Where We Want to Live – Review

Where we want to liveRyan Gravel’s Where We Want to Live takes a measured approach to explaining the modern metropolis. He looks at cities through the lens of large-scale infrastructure projects like the New York High Line, the Los Angeles River Project, and especially the Atlanta BeltLine which he has been closely involved with since its inception. Gravel isn’t a fiery preacher of new urbanism, he’s a dedicated student of the city. It’s not enough for him to diagnose what’s wrong with Atlanta (and the book is more concerned with Atlanta than any other city) Gravel needs to get to the root cause. He’s tireless in his investigations of cities’ histories, pulling from the great events of a city’s past as well as his own anecdotal experiences. But Gravel is not writing history for its own sake, he wrings useful information out of the pasts of these cities. The projects he describes are informed by the history of the particular place in which they originate.

The project he explores most deeply is Atlanta’s BeltLine project, envisioned to take abandoned railroad lines that encircle the city of Atlanta and turn them into a 22-mile ring of parks and green space around the city’s center. Gravel knows the project well because it was born out of his own master’s thesis written decades ago where the idea was first proposed.  The history of the BeltLine, built to serve the growing 1900s Atlanta is key to the project. The pride in the city’s past and the diverse communities that have grown up around those train lines (including Martin Luther King’s own church) fuel the reasons for and the rationale behind the project. Read more

Gentrification, Density and a New Logan Square High-Rise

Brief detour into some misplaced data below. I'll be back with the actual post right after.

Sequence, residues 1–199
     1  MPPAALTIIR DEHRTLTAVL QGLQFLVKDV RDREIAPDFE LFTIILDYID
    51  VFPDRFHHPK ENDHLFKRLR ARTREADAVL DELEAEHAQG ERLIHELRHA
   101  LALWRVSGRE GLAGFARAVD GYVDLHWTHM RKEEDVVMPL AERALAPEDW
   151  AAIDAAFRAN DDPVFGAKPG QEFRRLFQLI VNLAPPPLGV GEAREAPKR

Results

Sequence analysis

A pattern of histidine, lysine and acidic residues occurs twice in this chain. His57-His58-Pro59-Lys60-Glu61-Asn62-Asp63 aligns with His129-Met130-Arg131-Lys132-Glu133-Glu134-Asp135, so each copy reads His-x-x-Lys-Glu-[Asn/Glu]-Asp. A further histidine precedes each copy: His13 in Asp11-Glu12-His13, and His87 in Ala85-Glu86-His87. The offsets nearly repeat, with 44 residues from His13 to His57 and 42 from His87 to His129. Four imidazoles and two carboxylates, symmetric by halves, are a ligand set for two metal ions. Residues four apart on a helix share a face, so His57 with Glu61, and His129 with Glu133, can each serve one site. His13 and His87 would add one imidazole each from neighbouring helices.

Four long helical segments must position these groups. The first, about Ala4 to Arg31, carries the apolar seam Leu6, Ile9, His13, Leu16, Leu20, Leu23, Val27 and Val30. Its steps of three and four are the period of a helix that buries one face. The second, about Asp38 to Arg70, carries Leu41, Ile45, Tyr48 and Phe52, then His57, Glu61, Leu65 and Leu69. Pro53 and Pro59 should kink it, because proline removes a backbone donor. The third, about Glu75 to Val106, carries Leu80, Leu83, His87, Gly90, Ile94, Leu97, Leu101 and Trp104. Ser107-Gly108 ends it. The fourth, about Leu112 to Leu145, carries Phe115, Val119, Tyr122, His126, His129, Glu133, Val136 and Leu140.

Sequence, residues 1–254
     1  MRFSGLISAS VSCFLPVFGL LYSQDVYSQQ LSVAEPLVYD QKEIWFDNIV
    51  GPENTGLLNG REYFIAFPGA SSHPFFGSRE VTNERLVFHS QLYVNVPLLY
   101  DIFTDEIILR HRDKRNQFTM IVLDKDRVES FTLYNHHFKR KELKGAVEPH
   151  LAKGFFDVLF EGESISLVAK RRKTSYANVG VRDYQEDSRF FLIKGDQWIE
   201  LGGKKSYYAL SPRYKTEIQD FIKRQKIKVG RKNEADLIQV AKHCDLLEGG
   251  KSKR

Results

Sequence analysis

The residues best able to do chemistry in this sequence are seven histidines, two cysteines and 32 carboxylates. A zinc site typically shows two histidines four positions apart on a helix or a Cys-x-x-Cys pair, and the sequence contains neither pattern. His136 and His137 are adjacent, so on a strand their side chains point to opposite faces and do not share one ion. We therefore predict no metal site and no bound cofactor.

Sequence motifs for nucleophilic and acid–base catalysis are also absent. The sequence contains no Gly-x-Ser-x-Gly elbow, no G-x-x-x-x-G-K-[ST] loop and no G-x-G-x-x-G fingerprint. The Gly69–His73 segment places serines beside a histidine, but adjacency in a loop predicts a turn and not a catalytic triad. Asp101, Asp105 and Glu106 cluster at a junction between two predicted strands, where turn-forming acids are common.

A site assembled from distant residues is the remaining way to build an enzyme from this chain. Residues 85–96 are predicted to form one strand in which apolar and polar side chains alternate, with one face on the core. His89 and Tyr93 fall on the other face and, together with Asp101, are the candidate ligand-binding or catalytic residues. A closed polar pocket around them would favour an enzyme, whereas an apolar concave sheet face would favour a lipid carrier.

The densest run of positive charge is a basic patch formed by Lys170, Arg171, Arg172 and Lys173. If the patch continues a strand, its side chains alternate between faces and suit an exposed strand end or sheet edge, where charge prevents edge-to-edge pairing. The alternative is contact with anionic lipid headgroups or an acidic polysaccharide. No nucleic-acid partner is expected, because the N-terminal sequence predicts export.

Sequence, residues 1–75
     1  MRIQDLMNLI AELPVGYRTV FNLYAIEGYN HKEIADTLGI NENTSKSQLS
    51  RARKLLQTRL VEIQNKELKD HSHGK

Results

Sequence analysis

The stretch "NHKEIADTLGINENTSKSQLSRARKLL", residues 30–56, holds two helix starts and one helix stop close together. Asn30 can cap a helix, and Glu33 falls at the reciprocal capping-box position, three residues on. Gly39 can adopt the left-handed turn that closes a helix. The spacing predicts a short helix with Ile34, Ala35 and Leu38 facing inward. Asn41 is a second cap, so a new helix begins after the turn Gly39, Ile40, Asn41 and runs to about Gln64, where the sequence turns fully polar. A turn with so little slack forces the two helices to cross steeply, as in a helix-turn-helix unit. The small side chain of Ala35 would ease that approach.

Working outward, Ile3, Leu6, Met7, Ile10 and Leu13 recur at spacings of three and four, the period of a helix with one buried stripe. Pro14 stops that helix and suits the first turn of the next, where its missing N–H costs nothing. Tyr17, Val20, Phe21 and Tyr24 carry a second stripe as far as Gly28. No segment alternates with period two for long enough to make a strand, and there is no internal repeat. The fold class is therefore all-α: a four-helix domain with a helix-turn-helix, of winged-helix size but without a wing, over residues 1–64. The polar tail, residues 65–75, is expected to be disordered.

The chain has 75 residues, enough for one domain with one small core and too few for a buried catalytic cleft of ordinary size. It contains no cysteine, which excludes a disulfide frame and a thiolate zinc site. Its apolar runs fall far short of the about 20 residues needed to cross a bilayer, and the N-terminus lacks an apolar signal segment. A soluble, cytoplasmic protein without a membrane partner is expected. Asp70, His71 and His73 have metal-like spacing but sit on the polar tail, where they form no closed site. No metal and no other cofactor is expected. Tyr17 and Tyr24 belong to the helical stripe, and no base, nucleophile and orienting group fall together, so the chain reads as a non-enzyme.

2015_4_2LoganTowers

Rendering from Wheeler Kearns

Neighborhoods change, it’s inevitable. The area that was once Cabrini-Green housing project is now populated with big box stores and cookie-cutter yuppie fortresses, while other, once prosperous, (or at least working class) neighborhoods on the west and south side, are losing people and money. UIC has defined 14 Chicago neighborhoods in South and West Chicago as in “severe decline” these neighborhoods “have populations that are, on average, two-thirds African American.” These are the same neighborhoods that have put Chicago in the national news for having high rates of homicide.

For some, gentrification carries benefits, landowners see their properties increase in value and small business may stand to benefit if their customers are more comfortable being out and about in the neighborhoods. Neighborhoods that are richer or more densely populated are often more walkable, and foot traffic on the streets correlates with safety. For other people, gentrification can be devastating. A person learns a neighborhood. Our lives get built around where we shop, send children to school and live from day to day. If your neighborhood gets a rapid infusion of new people from a different background, if the neighborhood businesses no longer cater to you and, most importantly, if it becomes unaffordable in terms of services, parking and rent, that’s going to have a huge impact on your life. Read more